Skip to main content

Rush’s Geddy Lee will release an “epic-length” memoir in 2022

Geddy Lee performs with Rush at the Sleep Train Pavilion in Concord, California
(Image credit: Tim Mosenfelder/Corbis/Getty Images)

Aside from giving bass guitar lessons to Primus's Les Claypool and collaborating on a secret project with Barenaked Ladies' Ed Robertson, Rush bassist Geddy Lee, it turns out, has been working on a memoir lately.

Set for release next autumn via HarperCollins, the project began as a way for Lee to channel the grief he felt after the death of his Rush bandmate, Neil Peart, from brain cancer last January.

“My friend and collaborator on the Big Beautiful Book Of Bass, Daniel Richler, saw how I was struggling in the aftermath of Neil’s passing, and tried coaxing me out of my blues with some funny tales from his youth, daring me to share my own in return,” Lee wrote (opens in new tab) on Instagram earlier this week. “So I did – reluctantly at first, but then remembering, oh yeah, I like wrestling with words. And soon my baby-step stories were becoming grownup chapters. 

"Being the nuclear obsessive that I am, I'd write and re-write them, reassessing perspectives in the narrative not just by scouring my memory banks but my diaries and piles of photo albums too – In a voice that sounded, well, just like me, a presentable, epic-length account of my life on and off the stage was taking shape: my childhood, my family, the story of my parents' survival, my travels and all sorts of nonsense I've spent too much time obsessing over.”

A post shared by Geddy Lee (@geddyimages) (opens in new tab)

A photo posted by on

In addition to the memoir and his project with Ed Robertson, there also exists the ongoing possibility of a future collaboration featuring Lee and his other Rush comrade, electric guitar legend Alex Lifeson.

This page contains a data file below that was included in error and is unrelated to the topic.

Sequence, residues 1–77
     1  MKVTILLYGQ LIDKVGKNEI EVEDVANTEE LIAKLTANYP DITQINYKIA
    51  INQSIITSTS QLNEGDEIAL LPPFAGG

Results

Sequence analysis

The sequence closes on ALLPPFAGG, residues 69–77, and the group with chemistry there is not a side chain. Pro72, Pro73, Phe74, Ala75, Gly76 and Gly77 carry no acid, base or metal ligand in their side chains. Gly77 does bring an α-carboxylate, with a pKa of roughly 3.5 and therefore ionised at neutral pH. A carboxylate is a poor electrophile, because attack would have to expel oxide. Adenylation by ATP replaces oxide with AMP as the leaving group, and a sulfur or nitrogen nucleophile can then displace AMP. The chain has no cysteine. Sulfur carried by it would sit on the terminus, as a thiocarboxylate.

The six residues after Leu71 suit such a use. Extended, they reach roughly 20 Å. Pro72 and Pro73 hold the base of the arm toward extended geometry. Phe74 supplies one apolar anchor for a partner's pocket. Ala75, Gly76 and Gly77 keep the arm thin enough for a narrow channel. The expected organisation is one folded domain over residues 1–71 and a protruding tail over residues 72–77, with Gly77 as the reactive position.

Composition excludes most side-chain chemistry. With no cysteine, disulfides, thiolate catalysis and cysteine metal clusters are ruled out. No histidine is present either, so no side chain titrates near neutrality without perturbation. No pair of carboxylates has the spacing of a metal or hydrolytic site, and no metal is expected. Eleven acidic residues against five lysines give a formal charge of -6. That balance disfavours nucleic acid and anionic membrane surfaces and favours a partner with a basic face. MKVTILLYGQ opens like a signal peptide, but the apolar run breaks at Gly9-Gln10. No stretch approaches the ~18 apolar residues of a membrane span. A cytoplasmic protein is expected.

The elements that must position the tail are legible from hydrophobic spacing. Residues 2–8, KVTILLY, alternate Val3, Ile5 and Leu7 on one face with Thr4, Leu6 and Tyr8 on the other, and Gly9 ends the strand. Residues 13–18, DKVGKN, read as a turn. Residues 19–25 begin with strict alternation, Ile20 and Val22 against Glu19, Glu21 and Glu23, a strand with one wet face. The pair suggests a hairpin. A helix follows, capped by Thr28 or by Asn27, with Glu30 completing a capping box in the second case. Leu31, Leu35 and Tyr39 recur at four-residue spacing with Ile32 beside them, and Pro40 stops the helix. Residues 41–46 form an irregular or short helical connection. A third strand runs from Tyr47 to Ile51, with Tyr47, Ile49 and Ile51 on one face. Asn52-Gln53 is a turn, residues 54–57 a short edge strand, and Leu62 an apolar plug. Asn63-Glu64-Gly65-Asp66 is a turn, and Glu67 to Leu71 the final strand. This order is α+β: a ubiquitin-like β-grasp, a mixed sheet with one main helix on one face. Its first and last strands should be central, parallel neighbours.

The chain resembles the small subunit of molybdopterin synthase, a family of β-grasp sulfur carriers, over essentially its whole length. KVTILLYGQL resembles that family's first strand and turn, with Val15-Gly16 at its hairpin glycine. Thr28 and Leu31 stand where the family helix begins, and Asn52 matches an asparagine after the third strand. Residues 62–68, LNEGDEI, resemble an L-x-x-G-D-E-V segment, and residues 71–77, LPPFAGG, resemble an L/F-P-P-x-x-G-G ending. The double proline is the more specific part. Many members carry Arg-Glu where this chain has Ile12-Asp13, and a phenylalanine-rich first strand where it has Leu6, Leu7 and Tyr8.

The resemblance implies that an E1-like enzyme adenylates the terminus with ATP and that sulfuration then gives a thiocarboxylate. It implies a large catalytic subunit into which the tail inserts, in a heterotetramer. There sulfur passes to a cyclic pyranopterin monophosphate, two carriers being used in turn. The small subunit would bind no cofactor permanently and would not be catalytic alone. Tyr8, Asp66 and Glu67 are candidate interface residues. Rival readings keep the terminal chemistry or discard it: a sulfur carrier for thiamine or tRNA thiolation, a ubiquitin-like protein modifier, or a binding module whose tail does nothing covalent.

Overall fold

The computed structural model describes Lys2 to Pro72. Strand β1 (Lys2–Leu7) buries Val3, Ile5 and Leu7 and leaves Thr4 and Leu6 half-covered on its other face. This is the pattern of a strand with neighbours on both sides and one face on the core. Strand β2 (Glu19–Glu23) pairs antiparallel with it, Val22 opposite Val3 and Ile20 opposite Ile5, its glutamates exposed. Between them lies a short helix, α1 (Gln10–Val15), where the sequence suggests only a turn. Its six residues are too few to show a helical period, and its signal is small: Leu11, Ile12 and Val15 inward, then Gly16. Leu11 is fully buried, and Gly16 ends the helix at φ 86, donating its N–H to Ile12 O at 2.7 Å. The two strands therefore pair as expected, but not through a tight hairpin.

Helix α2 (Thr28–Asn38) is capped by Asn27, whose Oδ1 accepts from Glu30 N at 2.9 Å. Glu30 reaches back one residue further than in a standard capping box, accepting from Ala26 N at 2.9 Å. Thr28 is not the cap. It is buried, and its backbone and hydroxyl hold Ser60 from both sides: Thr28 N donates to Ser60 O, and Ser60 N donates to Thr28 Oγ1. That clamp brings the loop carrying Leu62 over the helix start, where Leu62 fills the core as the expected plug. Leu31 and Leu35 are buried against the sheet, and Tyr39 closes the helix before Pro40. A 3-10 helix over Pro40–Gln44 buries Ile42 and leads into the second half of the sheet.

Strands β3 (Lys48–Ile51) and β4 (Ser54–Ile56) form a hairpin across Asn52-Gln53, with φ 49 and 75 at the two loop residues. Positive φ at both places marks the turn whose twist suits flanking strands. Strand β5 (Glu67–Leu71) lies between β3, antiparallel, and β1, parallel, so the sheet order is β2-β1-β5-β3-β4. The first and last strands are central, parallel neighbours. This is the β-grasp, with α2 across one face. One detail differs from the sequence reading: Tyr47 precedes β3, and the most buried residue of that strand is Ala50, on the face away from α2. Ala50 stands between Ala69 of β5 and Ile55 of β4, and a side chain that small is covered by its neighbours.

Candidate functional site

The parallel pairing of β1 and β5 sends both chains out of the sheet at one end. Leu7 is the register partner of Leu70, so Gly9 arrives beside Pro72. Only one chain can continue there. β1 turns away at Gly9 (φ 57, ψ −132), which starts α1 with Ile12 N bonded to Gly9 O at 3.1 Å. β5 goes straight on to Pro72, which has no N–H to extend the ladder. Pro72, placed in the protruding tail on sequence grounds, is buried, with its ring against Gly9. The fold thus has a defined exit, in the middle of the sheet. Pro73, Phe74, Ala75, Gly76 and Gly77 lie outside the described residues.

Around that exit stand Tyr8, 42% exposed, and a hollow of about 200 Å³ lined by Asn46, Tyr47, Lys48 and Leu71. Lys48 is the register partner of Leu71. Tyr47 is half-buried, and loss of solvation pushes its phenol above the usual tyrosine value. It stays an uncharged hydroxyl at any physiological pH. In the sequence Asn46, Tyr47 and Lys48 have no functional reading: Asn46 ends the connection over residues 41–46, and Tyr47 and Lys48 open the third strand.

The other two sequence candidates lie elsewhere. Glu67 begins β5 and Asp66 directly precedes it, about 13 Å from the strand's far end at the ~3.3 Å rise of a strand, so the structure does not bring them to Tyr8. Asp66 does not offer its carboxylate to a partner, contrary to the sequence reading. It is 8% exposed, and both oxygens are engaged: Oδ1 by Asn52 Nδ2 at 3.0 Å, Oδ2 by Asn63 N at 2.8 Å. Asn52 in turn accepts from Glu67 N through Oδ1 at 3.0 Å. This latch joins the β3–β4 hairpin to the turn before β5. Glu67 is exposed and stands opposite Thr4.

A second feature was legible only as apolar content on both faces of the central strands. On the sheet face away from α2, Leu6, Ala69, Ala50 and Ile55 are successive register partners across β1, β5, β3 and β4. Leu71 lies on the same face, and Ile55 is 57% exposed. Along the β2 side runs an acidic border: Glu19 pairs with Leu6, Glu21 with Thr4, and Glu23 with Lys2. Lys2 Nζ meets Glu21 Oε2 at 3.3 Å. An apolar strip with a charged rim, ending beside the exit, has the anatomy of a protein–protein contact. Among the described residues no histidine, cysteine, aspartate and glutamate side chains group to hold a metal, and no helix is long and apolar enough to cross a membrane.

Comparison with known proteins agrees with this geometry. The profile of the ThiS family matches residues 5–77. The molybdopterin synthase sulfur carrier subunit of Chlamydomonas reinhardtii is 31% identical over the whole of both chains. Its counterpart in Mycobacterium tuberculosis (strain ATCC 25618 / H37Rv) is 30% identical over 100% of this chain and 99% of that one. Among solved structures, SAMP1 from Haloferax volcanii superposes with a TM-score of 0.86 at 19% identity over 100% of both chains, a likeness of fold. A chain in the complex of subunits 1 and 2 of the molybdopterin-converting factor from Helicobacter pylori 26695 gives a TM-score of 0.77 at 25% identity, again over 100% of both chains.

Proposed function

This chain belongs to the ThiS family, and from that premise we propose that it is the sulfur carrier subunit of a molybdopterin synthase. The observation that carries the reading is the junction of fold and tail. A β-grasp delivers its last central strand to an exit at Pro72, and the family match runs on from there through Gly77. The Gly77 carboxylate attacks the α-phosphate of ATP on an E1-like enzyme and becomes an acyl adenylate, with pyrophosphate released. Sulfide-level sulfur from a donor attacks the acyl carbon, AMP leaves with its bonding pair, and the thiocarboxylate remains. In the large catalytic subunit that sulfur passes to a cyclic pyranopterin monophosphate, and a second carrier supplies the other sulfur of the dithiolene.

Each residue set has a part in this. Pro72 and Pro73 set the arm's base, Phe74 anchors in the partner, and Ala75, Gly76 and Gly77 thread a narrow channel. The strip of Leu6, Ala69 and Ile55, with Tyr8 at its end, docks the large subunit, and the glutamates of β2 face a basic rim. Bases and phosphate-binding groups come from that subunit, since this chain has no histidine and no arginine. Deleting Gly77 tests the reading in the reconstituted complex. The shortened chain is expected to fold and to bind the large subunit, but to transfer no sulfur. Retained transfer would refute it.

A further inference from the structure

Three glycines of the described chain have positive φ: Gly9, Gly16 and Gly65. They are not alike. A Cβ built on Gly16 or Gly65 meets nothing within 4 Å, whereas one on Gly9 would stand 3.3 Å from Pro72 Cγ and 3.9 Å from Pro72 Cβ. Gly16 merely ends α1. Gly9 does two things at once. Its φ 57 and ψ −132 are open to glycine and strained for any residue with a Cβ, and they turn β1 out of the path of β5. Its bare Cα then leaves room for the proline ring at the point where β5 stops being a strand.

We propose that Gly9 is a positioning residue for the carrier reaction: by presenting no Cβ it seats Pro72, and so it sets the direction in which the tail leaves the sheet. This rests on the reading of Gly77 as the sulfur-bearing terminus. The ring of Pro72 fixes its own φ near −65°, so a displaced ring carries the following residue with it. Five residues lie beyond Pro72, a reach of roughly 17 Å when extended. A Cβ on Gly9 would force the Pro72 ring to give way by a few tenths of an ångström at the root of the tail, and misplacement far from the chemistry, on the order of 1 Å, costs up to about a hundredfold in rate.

"We’re both eager to get back together and kind of get back into that thing that we’ve done since we were 14 years old that we love to do," Lifeson told Make Weird Music (opens in new tab) in February. "And we work really, really well together, so we’ll see what happens with that.”

More recently, Lifeson clarified that, should he create and release any new music with Lee, it would not be under the Rush name.

“Rush ended in 2015," Lifeson told Eddie Trunk on SiriusXM in July. "There’s no way Rush will ever exist again because Neil’s not here to be a part of it.”

Thank you for reading 5 articles this month*

Join now for unlimited access

US pricing $3.99 per month or $39.00 per year

UK pricing £2.99 per month or £29.00 per year 

Europe pricing €3.49 per month or €34.00 per year

*Read 5 free articles per month without a subscription

Join now for unlimited access

Prices from £2.99/$3.99/€3.49

Jackson is an Associate Editor at GuitarWorld.com. He’s been writing and editing stories about new gear, technique and guitar-driven music both old and new since 2014, and has also written extensively on the same topics for Guitar Player (opens in new tab). Elsewhere, his album reviews and essays have appeared in Louder (opens in new tab) and Unrecorded (opens in new tab). Though open to music of all kinds, his greatest love has always been indie, and everything that falls under its massive umbrella. To that end, you can find him on Twitter crowing about whatever great new guitar band you need to drop everything to hear right now.